Philadelphia-Negative Classical Myeloproliferative Neoplasms: Critical Concepts and Management Recommendations From European LeukemiaNet
2011 (English)In: Journal of Clinical Oncology, ISSN 0732-183X, E-ISSN 1527-7755, Vol. 29, no 6, 761-770 p.Article in journal (Refereed) Published
We present a review of critical concepts and produce recommendations on the management of Philadelphia-negative classical myeloproliferative neoplasms, including monitoring, response definition, first-and second-line therapy, and therapy for special issues. Key questions were selected according the criterion of clinical relevance. Statements were produced using a Delphi process, and two consensus conferences involving a panel of 21 experts appointed by the European LeukemiaNet (ELN) were convened. Patients with polycythemia vera (PV) and essential thrombocythemia (ET) should be defined as high risk if age is greater than 60 years or there is a history of previous thrombosis. Risk stratification in primary myelofibrosis (PMF) should start with the International Prognostic Scoring System (IPSS) for newly diagnosed patients and dynamic IPSS for patients being seen during their disease course, with the addition of cytogenetics evaluation and transfusion status. High-risk patients with PV should be managed with phlebotomy, low-dose aspirin, and cytoreduction, with either hydroxyurea or interferon at any age. High-risk patients with ET should be managed with cytoreduction, using hydroxyurea at any age. Monitoring response in PV and ET should use the ELN clinicohematologic criteria. Corticosteroids, androgens, erythropoiesis-stimulating agents, and immunomodulators are recommended to treat anemia of PMF, whereas hydroxyurea is the first-line treatment of PMF-associated splenomegaly. Indications for splenectomy include symptomatic portal hypertension, drug-refractory painful splenomegaly, and frequent RBC transfusions. The risk of allogeneic stem-cell transplantation-related complications is justified in transplantation-eligible patients whose median survival time is expected to be less than 5 years.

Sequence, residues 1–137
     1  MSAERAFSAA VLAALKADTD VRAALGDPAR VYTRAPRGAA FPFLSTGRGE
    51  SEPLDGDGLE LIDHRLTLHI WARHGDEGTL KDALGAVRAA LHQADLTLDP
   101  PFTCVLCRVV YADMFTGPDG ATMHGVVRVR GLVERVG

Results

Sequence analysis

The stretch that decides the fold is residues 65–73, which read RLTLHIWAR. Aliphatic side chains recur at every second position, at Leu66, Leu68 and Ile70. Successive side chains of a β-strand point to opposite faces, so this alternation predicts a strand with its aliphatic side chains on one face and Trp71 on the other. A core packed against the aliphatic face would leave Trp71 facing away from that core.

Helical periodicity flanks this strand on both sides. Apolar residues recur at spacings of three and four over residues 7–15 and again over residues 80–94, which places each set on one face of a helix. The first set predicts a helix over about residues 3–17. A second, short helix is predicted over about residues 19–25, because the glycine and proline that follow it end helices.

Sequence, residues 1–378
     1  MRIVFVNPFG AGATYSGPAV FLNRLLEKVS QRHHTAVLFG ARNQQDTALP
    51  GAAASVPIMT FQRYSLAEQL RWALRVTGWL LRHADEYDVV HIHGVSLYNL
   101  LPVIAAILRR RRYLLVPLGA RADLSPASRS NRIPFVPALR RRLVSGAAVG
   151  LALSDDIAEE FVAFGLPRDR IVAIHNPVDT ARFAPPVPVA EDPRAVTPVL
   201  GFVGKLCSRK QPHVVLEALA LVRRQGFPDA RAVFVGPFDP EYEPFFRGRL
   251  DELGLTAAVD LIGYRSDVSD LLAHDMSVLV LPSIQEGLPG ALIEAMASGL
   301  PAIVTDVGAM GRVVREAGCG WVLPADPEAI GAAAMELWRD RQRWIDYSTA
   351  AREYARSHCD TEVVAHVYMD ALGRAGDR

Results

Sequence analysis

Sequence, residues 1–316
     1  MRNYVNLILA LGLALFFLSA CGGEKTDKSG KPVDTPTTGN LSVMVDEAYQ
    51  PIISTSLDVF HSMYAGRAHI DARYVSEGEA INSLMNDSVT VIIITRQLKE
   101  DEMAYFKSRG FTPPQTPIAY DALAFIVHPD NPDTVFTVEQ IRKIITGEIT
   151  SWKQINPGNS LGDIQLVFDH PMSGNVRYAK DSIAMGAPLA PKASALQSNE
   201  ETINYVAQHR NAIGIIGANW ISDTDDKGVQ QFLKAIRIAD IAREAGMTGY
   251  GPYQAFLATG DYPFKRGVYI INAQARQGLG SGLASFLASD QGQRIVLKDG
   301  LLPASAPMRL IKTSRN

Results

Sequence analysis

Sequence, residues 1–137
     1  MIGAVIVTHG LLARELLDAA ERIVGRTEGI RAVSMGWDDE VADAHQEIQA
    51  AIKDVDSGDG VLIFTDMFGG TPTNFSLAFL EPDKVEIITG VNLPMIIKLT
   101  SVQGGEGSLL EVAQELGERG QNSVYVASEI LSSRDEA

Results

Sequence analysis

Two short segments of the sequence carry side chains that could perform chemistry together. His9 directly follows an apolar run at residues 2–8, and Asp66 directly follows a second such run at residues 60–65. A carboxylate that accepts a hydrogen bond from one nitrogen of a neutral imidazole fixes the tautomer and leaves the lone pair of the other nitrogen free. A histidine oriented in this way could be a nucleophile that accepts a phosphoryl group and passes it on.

Place, publisher, year, edition, pages
2011. Vol. 29, no 6, 761-770 p.
Medical and Health Sciences
IdentifiersURN: urn:nbn:se:uu:diva-149705DOI: 10.1200/JCO.2010.31.8436ISI: 000287444000037PubMedID: 21205761OAI: oai:DiVA.org:uu-149705DiVA: diva2:405465